Every lens has an effextive f stop. Its the way lenses are speced. a fixed lens has a maximum effective f stop. . a zoom lens can have a constant F stop at both ends of its zoom, but to do so the lens has to be much wider than the zoom lenses used on projectors So as just a relative example, at close zoom, say the F stop is 2.8 (just making a number up) and a long zoom its is 4.0. Those numbers mean the lens will transmit 50% less light at long zoom than at short zoom. The bigger nger the zoom ratio, the long throw multiplier divided into the short throw multiplier, in the case of the JVCs, 2.8/1.4 equals 2, the more light one will lose from going to from short to long. Think of it has at short throw, the image coming out of the lens is as big as it can get. As you zoom towards long, increasing the throw dfistance, the size of the image must get smaller in order not to overfill the screen area.. this means less glass in the lens is being used. sort of like sending water doiwn a 12 inch pipe and then switching to a 6 inch pipe (diameter). Holding the pressure constant, the pipe can only transmit 1/4 as much water. pi r squared to determine the area. Effective F stops are a log funnction and the sequence for each 50% cut is 2, 2.8, 4, 5.6, 8, 11, 14. some of the calculators use the effective f stops at each end and then use a log calculators, others are much more crude.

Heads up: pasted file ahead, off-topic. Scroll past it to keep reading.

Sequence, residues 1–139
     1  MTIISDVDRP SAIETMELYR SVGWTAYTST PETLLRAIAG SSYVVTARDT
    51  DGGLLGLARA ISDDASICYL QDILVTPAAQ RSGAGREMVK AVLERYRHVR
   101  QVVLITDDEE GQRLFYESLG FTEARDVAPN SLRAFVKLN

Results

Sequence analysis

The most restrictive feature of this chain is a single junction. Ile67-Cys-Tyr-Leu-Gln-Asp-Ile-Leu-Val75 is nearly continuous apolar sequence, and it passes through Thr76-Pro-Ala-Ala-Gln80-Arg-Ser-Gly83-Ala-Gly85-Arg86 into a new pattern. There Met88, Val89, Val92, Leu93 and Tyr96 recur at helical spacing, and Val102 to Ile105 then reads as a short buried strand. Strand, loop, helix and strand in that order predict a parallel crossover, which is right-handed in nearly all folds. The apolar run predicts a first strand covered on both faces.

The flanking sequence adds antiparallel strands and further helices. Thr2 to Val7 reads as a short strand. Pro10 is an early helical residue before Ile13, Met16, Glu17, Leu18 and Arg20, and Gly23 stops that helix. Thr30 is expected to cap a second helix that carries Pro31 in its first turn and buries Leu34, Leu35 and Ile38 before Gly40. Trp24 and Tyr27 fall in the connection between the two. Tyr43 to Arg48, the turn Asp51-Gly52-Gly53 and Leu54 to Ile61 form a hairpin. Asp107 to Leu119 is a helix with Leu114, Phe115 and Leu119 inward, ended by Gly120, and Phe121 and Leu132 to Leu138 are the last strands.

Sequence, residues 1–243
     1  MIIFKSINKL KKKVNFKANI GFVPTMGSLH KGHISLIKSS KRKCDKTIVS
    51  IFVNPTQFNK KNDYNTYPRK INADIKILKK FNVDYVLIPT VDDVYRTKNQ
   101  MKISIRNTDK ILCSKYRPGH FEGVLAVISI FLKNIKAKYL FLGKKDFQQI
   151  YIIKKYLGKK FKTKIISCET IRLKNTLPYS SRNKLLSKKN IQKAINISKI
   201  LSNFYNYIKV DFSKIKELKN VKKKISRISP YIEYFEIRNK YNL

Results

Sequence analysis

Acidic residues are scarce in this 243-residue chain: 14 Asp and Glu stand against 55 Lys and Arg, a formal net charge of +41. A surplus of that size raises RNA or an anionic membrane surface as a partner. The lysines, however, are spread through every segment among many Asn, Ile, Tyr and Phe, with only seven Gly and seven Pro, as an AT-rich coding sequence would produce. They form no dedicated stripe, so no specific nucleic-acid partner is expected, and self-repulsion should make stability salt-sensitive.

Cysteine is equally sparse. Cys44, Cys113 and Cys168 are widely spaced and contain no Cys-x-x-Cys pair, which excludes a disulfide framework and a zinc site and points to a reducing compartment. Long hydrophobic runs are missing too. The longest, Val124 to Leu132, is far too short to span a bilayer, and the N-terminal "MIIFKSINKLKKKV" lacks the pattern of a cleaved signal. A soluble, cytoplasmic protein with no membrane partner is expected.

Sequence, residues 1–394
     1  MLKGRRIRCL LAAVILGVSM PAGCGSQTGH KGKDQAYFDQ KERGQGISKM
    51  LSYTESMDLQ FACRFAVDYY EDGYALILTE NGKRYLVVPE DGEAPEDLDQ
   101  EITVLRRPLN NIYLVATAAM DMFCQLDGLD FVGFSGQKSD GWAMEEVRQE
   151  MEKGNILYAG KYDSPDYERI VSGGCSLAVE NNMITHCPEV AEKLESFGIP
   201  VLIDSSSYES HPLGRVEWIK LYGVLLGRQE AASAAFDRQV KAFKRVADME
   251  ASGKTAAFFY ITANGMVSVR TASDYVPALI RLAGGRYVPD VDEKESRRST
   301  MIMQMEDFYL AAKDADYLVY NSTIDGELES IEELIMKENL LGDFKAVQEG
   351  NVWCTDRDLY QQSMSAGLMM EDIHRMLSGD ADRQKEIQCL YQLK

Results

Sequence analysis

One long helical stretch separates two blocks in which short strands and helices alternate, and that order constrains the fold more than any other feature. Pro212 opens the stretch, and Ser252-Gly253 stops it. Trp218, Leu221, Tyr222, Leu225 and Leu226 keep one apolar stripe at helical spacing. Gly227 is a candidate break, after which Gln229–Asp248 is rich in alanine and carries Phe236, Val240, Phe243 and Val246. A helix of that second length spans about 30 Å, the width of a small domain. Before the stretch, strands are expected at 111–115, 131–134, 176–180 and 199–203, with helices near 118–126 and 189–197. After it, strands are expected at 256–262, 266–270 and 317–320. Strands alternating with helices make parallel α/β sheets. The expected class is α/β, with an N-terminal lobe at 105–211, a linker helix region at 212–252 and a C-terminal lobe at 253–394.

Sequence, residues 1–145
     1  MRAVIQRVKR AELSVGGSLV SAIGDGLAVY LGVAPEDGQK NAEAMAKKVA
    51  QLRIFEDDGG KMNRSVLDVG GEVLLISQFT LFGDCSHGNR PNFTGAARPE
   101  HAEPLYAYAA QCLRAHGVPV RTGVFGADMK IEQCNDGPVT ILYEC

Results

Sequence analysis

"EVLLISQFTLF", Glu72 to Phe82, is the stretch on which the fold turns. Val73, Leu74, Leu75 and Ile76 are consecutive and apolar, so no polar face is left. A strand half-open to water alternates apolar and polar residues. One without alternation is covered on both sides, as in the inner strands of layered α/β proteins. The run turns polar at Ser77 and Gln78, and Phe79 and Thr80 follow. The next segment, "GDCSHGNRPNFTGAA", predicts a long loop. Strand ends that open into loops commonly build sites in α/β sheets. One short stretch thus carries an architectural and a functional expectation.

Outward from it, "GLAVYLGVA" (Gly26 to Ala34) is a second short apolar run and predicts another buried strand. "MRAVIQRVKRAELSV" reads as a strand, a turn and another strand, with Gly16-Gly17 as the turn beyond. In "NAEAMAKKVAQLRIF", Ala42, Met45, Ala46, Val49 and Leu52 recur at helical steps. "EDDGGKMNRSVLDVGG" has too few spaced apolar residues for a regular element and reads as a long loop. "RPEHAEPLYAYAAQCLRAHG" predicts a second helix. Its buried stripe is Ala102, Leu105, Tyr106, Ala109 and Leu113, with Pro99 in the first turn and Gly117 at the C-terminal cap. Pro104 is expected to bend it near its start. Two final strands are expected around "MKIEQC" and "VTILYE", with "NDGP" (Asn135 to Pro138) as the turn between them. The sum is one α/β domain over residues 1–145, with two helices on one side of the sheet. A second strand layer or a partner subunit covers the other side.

post #8 of 9
I am looking at a Runco LS-Hb and my throw distance is 192 inches. I plan on using with anamorphic movable lens. What is maximum screen size I can have.
post #9 of 9
This is the wrong thread to ask this question. But to help you out please refer to this calculator:

http://www.projectorcentral.com/Runco-LightStyle_LS-HB-projection-calculator-pro.htm

The screen size will depend on many things. One of the biggest is going to be how far away the projector can be placed from the screen. Another big thing is the gain of the screen.

According to your 192" throw the largest screen size you could obtain with the stock lens is 113" diagonal on a 2.35:1 screen. But that would yield over 60 FtL on a 1.0 gain screen. WAAAAAAY too bright for a screen that small. This projector is way too bright for your room. If I were you I'd look at something more modest like the Runco LS-5. It will perform much better in your room and will have dramatically better black levels and contrast.
Edited by Seegs108 - 1/21/13 at 4:39pm